While Nils had an interesting and promising premise it unfortunately didn’t follow through for me. The artwork was beautiful and I’d love to see more graphic novels illustrated by this artist however, I wish that the storyline had been more clear and easy to follow/understand!
Thanks to NetGalley and Magnetic Press/Diamond Books Distributor for the e-ARC in exchange for an honest review. This graphic novel is out 11 February 2020. Have you read Nils: The Tree of Life or is it on your TBR?
A Conspiracy and a miscarriage of justice turn the gentle Edmond Dantès into an implacable agent of fate: The Count of Monte Cristo . Obsessed by vengeance and empowered by providence, the Count avenges himself on whose who have wronged him – but is this justice, or is this hubris? In the end, does even the Count know? Alexandre Dumas’ skillful narrative combines intrigue, betrayal, and triumphant revenge into a powerful conflict between good and evil. Now this exciting saga, rich and diverse, takes on an entirely new life in this Manga Classics adaptation!
The Count of Monte Cristo is a classic that I’ve been meaning to read but have always been too intimidated to actually pick up, so when I saw this manga I immediately jumped on it! Surprisingly I realised I knew very little of the story when I started reading it and since I haven’t read the novel I also can’t attest to how well the manga actually adopts the classic. I do however know that it’s a fairly chunky text and I have no doubt that it has some very complex plot lines and in-depth character studies. Based on that, I think that the adaptors did an amazing job in condensing everything into a more simplified text. It took me a couple of hours to read this 400 page manga while I’m sure it’d probably take me one month+ to finish the original!
Goodreads: The Immortalists Genre: Contemporary Fiction, Historical Fiction, Family Saga, Magical Realism Panda Rating:
If you knew the date of your death, how would you live your life?
It’s 1969 in New York City’s Lower East Side, and word has spread of the arrival of a mystical woman, a traveling psychic who claims to be able to tell anyone the day they will die. The Gold children—four adolescents on the cusp of self-awareness—sneak out to hear their fortunes.
The prophecies inform their next five decades. Golden-boy Simon escapes to the West Coast, searching for love in ’80s San Francisco; dreamy Klara becomes a Las Vegas magician, obsessed with blurring reality and fantasy; eldest son Daniel seeks security as an army doctor post-9/11; and bookish Varya throws herself into longevity research, where she tests the boundary between science and immortality.
“Our language is our strength. Thoughts have wings.”
It was difficult for me to write this review so apologies if it’s more nonsensical blabber than anything. I really enjoyed this touching novel about family and death. It sounds morose and it certainly isn’t the most fast paced storytelling, but as the story dove deeper into each characters’ life, I found that I couldn’t put the book down and very quickly sped through the pages. The Immortalists is a family saga that explores faith and the idea of destiny/fate. It asks readers the timeless question: if you could learn when/how you die, would you do it?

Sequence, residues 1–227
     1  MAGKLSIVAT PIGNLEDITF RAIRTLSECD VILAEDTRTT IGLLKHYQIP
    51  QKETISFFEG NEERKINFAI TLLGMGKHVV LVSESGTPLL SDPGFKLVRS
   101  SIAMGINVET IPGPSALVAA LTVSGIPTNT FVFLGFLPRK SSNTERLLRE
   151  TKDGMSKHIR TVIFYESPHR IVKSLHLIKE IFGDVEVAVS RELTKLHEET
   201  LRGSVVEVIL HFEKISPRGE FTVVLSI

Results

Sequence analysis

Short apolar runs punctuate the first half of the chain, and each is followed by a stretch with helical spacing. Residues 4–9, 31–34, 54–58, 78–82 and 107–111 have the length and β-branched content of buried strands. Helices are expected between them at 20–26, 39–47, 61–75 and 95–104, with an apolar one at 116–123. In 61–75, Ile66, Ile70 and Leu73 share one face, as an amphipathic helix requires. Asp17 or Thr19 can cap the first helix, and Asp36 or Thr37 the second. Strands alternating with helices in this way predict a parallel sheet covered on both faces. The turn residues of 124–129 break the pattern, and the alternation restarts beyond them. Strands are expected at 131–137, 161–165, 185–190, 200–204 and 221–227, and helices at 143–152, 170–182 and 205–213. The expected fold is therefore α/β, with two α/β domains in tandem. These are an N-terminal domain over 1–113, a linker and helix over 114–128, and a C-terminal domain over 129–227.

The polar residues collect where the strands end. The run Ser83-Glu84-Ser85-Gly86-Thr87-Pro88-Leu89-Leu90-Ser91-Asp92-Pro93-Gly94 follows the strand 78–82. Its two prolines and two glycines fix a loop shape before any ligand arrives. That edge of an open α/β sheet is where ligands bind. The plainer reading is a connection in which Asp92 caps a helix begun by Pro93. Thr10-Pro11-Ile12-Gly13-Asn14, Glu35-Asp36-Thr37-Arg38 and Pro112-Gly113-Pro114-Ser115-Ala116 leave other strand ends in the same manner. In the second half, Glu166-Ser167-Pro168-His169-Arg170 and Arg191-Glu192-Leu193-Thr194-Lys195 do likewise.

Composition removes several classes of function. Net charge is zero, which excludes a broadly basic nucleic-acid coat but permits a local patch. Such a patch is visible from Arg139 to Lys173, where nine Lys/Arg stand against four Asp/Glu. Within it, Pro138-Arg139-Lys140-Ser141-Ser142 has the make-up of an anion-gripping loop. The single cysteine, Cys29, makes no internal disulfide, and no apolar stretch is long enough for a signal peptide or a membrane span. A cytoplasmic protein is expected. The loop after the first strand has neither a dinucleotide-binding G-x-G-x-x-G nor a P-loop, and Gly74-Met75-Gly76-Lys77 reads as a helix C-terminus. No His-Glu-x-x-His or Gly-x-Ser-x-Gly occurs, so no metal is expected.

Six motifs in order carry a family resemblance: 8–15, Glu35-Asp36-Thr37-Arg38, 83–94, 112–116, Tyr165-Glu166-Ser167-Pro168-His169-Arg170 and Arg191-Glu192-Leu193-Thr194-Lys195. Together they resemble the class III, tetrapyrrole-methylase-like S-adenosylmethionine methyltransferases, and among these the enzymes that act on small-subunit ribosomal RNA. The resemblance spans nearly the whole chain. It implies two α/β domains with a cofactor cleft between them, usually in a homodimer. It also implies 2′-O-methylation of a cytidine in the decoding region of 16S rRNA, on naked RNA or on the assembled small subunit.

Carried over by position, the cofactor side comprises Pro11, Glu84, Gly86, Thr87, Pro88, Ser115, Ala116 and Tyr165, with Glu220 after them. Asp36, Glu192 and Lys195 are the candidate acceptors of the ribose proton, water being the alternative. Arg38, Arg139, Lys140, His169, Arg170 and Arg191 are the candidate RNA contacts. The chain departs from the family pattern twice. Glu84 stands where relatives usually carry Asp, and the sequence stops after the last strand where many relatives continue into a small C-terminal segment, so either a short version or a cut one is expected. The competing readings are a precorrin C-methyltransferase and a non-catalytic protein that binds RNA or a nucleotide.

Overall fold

Rachel Caine rewrites history, creating a dangerous world where the Great Library of Alexandria has survived the test of time. In 48 AD, a fire set by the troops of Julius Caesar destroyed much of the Great Library of Alexandria. It was the first of several disasters that resulted in the destruction of the accumulated knowledge of the ancient world. But what if the fire had been stopped? What would the Library have become? Fast forward: the Great Library is now a separate country, protected by its own standing army. It has grown into a vast power, with unquestioned and unrivalled supremacy. Jess Brightwell, seventeen and very smart, with a gift for mechanical engineering, has been sent into the Great Library as a spy for his criminal family. Magical spells and riots abound in this epic new YA series.
How could my interest not be piqued after reading this blurb? Caine presents such a fascinating retold history wherein The Great Library of Alexandria is the most powerful entity in the world and knowledge is highly regulated. I admit to having a difficult time getting into the story initially. The pacing was slow and I found myself getting lost in the details of this alternate world, but I kept on reading because I was hoping that it would pick up and I wasn’t disappointed!
“There are three parts to learning: information, knowledge and wisdom, A mere accumulation of information is not knowledge, and a treasure of knowledge is not in itself, wisdom.”